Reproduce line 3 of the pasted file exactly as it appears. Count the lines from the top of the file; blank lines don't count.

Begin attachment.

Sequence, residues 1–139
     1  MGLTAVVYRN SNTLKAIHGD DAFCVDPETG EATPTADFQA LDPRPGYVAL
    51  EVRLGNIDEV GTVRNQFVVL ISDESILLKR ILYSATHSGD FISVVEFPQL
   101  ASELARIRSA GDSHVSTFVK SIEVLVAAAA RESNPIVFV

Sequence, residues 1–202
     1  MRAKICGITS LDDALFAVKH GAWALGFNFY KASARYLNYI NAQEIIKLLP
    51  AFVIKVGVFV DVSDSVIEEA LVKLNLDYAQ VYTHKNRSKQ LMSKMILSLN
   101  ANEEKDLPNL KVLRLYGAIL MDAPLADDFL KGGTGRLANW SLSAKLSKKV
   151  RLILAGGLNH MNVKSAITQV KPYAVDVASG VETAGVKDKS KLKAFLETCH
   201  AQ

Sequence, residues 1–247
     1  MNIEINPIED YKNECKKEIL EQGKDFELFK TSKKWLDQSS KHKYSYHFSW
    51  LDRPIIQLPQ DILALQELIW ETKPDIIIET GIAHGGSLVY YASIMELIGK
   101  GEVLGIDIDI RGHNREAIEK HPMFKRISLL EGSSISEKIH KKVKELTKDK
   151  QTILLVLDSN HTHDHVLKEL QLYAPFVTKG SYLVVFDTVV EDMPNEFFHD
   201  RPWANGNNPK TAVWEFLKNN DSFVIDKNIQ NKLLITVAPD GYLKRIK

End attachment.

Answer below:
    51  EVRLGNIDEV GTVRNQFVVL ISDESILLKR ILYSATHSGD FISVVEFPQL